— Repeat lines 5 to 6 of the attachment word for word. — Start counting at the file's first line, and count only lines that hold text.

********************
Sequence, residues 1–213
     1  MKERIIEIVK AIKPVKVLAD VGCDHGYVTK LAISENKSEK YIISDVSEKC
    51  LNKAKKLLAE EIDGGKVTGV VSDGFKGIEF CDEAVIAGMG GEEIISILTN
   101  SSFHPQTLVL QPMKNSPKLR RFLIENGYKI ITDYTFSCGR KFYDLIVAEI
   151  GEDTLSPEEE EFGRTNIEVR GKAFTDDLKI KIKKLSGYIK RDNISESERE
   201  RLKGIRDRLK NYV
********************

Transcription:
   151  GEDTLSPEEE EFGRTNIEVR GKAFTDDLKI KIKKLSGYIK RDNISESERE
   201  RLKGIRDRLK NYV